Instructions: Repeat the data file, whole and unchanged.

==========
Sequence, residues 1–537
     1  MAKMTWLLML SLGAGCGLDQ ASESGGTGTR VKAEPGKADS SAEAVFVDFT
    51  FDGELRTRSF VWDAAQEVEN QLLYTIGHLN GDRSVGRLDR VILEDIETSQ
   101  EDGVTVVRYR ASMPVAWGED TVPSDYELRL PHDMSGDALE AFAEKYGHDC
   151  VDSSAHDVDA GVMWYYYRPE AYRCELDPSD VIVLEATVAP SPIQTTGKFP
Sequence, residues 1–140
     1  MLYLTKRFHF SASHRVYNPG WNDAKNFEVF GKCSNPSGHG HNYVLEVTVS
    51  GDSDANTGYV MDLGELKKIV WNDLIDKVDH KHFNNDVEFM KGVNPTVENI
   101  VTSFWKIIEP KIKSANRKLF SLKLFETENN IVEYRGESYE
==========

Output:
Sequence, residues 1–537
     1  MAKMTWLLML SLGAGCGLDQ ASESGGTGTR VKAEPGKADS SAEAVFVDFT
    51  FDGELRTRSF VWDAAQEVEN QLLYTIGHLN GDRSVGRLDR VILEDIETSQ
   101  EDGVTVVRYR ASMPVAWGED TVPSDYELRL PHDMSGDALE AFAEKYGHDC
   151  VDSSAHDVDA GVMWYYYRPE AYRCELDPSD VIVLEATVAP SPIQTTGKFP
Sequence, residues 1–140
     1  MLYLTKRFHF SASHRVYNPG WNDAKNFEVF GKCSNPSGHG HNYVLEVTVS
    51  GDSDANTGYV MDLGELKKIV WNDLIDKVDH KHFNNDVEFM KGVNPTVENI
   101  VTSFWKIIEP KIKSANRKLF SLKLFETENN IVEYRGESYE